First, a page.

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18.3.4 Garbage Collecting Smobs

Once a smob has been released to the tender mercies of the Scheme system, it must be prepared to survive garbage collection. Guile calls the mark and free functions of the scm_smobfuns structure to manage this.

As described before (see section 18.2.2 Conservative Garbage Collection), every object in the Scheme system has a mark bit, which the garbage collector uses to tell live objects from dead ones. When collection starts, every object's mark bit is clear. The collector traces pointers through the heap, starting from objects known to be live, and sets the mark bit on each object it encounters. When it can find no more unmarked objects, the collector walks all objects, live and dead, frees those whose mark bits are still clear, and clears the mark bit on the others.

The two main portions of the collection are called the mark phase, during which the collector marks live objects, and the sweep phase, during which the collector frees all unmarked objects.

The mark bit of a smob lives in a special memory region. When the collector encounters a smob, it sets the smob's mark bit, and uses the smob's type tag to find the appropriate mark function for that smob: the one listed in that smob's scm_smobfuns structure. It then calls the mark function, passing it the smob as its only argument.

The mark function is responsible for marking any other Scheme objects the smob refers to. If it does not do so, the objects' mark bits will still be clear when the collector begins to sweep, and the collector will free them. If this occurs, it will probably break, or at least confuse, any code operating on the smob; the smob's SCM values will have become dangling references.

To mark an arbitrary Scheme object, the mark function may call this function:

Function: void scm_gc_mark (SCM x)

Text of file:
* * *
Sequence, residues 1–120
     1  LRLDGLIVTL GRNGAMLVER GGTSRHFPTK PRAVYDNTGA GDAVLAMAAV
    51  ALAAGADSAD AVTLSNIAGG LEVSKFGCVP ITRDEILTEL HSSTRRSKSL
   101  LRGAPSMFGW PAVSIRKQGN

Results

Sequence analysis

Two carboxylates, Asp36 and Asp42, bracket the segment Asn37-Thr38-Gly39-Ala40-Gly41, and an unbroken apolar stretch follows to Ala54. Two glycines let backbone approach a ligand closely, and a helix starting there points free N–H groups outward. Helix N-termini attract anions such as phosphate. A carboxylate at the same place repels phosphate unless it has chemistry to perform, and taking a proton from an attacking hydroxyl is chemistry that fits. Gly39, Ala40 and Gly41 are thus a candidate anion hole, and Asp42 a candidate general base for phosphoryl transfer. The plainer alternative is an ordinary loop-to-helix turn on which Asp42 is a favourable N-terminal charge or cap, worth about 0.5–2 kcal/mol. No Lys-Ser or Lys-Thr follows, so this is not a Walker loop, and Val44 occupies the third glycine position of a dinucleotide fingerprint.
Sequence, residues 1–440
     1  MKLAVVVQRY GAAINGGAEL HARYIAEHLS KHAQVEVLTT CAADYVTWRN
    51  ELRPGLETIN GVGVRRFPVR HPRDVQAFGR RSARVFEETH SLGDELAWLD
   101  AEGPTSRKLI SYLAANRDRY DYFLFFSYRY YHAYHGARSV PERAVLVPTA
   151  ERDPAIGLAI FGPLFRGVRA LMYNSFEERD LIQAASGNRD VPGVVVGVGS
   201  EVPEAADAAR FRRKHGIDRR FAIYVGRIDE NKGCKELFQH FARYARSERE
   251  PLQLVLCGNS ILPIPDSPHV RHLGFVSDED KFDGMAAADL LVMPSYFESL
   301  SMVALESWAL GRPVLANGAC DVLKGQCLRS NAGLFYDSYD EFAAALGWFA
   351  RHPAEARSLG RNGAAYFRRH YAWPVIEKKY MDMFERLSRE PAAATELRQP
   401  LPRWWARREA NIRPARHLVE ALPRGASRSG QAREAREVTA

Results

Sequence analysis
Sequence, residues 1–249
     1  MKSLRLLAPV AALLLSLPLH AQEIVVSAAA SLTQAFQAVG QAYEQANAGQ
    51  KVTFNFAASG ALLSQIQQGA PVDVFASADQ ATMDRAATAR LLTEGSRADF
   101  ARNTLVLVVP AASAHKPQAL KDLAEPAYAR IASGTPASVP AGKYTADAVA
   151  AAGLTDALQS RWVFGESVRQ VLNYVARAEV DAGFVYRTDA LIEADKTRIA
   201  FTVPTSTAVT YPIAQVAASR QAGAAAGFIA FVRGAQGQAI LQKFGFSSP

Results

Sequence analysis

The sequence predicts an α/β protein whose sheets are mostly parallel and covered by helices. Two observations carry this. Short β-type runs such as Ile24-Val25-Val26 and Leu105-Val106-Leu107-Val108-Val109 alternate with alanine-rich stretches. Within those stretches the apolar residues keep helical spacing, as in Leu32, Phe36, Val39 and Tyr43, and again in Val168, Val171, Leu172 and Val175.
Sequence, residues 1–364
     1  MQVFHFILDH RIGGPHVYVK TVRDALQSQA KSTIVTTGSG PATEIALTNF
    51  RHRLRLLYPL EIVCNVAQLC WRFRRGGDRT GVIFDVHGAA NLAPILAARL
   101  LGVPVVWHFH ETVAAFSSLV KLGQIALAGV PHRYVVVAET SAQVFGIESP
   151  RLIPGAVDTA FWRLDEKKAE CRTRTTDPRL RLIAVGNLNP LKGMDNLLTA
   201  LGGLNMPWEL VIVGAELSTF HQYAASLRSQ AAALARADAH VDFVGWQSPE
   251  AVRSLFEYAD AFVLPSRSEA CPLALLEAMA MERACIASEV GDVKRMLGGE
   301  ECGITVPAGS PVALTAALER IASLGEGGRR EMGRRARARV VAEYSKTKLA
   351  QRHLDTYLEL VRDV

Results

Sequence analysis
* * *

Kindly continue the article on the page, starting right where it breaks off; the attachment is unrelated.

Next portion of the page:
Mark the object x, and recurse on any objects x refers to. If x's mark bit is already set, return immediately.

Thus, here is how we might write the mark function for the image smob type discussed above:

 
SCM
mark_image (SCM image_smob)
{
  /* Mark the image's name and update function.  */
  struct image *image = (struct image *) SCM_SMOB_DATA (image_smob);

  scm_gc_mark (image->name);
  scm_gc_mark (image->update_func);

  return SCM_BOOL_F;
}

Note that, even though the image's update_func could be an arbitrarily complex structure (representing a procedure and any values enclosed in its environment), scm_gc_mark will recurse as necessary to mark all its components. Because scm_gc_mark sets an object's mark bit before it recurses, it is not confused by circular structures.

As an optimization, the collector will mark whatever value is returned by the mark function; this helps limit depth of recursion during the mark phase. Thus, the code above could also be written as:
 
SCM
mark_image (SCM image_smob)
{
  /* Mark the image's name and update function.  */
  struct image *image = (struct image *) SCM_SMOB_DATA (image_smob);

  scm_gc_mark (image->name);
  return image->update_func;
}

Finally, when the collector encounters an unmarked smob during the sweep phase, it uses the smob's tag to find the appropriate free function for the smob. It then calls the function, passing it the smob as its only argument.

The free function must release any resources used by the smob. However, it need not free objects managed by the collector; the collector will take care of them. The return type of the free function should be size_t, an unsigned integral type; the free function should return the number of bytes released, to help the collector maintain statistics on the size of the heap.

Here is how we might write the free function for the image smob type:
 
size_t
free_image (SCM image_smob)
{
  struct image *image = (struct image *) SCM_SMOB_DATA (image_smob);
  size_t size = image->width * image->height + sizeof (*image);

  free (image->pixels);
  free (image);

  return size;
}

During the sweep phase, the garbage collector will clear the mark bits on all live objects. The code which implements a smob need not do this itself.

There is no way for smob code to be notified when collection is complete.

It is usually a good idea to minimize the amount of processing done during garbage collection; keep mark and free functions very simple. Since collections occur at unpredictable times, it is easy for any unusual activity to interfere with normal code.


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